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China urges airlines to cancel, delay plane orders

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[December 10, 2008]  BEIJING (AP) -- China is urging its troubled state-owned airlines to cancel or defer new aircraft purchases amid the global economic turmoil -- a move that could hurt American and European aircraft makers.

HardwareAirlines are also being urged not to renew leases for aircraft rented from foreign firms and to ground or sell some planes, according to an announcement seen Wednesday on the Web site of industry regulator the Civil Aviation Administration of China.

No new airlines will be approved for operation before at least 2010 and carriers should switch passenger service to freight where applicable and retire larger numbers of old aircraft, the administration said.

"From the second half of this year, the global economic crisis has had an increasingly negative effect on the development of our civil aviation industry," the administration said.

A cutback in Chinese purchases could impact global aircraft suppliers such as Chicago-based Boeing Co. and Toulouse, France-based Airbus, both of which have been looking to China's burgeoning travel and freight markets to fuel future demand for their products.


Airlines across the globe are grounding planes, cutting capacity and delaying or even canceling orders for new aircraft as the global economic crisis hits both passenger and cargo air traffic.

In China's most recent major aircraft order, Air China Ltd. said in July it was buying 45 Boeing jetliners, one of China's biggest purchases to date. The list price for the aircraft is $6.3 billion but Air China said its final price would be lower.

Airbus says it has firmed up 140 out of 160 orders for its jets from China placed last November.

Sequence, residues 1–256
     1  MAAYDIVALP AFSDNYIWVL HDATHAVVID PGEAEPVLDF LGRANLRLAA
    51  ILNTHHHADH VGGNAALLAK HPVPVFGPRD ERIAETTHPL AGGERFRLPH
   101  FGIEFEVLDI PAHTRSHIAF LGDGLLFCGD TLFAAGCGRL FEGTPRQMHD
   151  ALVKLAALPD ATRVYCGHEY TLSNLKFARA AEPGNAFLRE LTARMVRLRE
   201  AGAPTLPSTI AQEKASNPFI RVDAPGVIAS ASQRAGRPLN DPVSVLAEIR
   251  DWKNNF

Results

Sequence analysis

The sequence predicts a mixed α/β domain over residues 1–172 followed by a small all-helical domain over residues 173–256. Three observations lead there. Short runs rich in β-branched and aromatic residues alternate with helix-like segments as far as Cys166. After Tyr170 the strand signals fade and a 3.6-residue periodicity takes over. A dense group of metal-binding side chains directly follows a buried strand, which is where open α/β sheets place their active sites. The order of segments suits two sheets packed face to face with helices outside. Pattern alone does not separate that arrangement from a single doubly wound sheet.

Chinese carriers have been squeezed by high oil prices and falling passenger and cargo revenues. State-owned airlines had total losses of about 4.2 billion yuan ($615 million) in the first 10 months of this year, according to the government.

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Two of China's three major carriers have turned to the government for financial aid. China Southern Airlines said last month it will receive a 3 billion yuan ($440 million) capital injection from the government, and China Eastern Airlines is seeking similar help.

The administration's announcement pledged subsidies for carriers serving less traveled routes and the waiving of a series of fees and taxes. Those include the return of and future exemption from a total of 4 billion yuan ($582 billion) in airport development fees covering the second half of this year and first half of 2009.

Another 10 billion yuan ($1.45 billion) would be invested in upgrading airport safety, and money saving concessions made on fuel, landing fees, and other services, the announcement said.

[Associated Press; By CHRISTOPHER BODEEN]

Copyright 2008 The Associated Press. All rights reserved. This material may not be published, broadcast, rewritten or redistributed.


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